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      Memories of patients with a giant left atrium.
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      Reducción de la aurícula izquierda y reemplazo de válvula mitral mediante técnica de autotransplante en paciente con aurícula izquierda gigante.
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      • Milwidsky H.
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      Moreover, the compression of adjacent organs may cause dyspnea, severe respiratory dysfunction, dysphagia, or hoarseness.
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      • et al.
      Giant left atrium and mitral valve replacement: risk factor analysis.
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      Giant left atrium in rheumatic heart disease: a report of 18 cases treated by mitral valve replacement.
      ,
      • Morgan A.A.
      • Mourant A.J.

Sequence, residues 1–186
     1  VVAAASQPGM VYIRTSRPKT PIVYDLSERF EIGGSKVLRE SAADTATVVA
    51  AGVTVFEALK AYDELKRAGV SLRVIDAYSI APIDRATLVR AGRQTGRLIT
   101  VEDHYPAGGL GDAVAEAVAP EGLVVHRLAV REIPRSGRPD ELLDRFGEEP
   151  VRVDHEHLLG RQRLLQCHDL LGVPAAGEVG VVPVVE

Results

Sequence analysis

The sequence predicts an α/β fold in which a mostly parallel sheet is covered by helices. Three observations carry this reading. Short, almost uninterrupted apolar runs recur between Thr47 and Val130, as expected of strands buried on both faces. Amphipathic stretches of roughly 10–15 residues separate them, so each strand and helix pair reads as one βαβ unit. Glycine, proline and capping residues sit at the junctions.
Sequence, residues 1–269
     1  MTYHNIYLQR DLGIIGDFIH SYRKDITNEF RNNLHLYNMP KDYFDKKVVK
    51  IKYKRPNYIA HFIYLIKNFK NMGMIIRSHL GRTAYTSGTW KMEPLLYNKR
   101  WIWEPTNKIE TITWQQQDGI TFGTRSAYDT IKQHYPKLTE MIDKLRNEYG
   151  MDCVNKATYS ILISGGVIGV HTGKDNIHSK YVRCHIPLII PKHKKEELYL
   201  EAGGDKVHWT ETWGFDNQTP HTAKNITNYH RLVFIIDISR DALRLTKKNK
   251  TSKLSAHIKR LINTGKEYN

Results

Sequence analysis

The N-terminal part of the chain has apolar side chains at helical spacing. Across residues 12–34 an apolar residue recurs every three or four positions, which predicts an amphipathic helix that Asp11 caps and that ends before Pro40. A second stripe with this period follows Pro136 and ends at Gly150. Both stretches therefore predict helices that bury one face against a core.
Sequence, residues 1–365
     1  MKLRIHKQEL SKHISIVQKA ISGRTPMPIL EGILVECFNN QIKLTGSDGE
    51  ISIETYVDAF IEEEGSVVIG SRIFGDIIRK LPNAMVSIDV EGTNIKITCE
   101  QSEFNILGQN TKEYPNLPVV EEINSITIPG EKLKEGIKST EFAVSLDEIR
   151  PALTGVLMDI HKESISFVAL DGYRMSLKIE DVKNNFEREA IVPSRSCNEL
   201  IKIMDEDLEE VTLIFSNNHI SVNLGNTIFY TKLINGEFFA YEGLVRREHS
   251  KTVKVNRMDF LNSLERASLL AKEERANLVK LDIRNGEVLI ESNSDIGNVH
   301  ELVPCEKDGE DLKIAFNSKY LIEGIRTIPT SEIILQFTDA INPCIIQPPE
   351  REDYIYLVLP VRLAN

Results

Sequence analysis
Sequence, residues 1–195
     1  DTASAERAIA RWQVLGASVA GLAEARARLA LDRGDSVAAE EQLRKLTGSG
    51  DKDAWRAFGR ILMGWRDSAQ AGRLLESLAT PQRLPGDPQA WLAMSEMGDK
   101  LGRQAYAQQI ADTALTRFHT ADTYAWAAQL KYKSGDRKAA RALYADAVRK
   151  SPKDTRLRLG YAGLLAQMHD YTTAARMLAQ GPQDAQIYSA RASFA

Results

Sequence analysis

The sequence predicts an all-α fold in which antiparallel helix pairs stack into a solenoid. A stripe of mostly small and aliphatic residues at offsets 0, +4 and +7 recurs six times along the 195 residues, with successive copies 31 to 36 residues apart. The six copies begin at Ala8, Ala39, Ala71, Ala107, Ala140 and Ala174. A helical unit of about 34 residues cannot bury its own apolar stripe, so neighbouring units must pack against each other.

Left vocal cord paralysis and dysphagia in mitral valve disease.
      Subsequently, the evaluation of therapeutic alternatives is highly pertinent.
      In some instances, the treatment for GLA requires a surgical-based approach. Apostolakis and Shuhaiber
      • Apostolakis E.
      • Shuhaiber J.H.
      The surgical management of giant left atrium.
      established the following conditions for potential candidates for this surgical intervention: (1) presence of intracardiac or extracardiac compressive symptoms from neighboring organs; (2) presence of thrombus and a history of thromboembolic events; and (3) to restore sinus rhythm (SR) in patients with AF, associated or not with the ablation process.
      • Apostolakis E.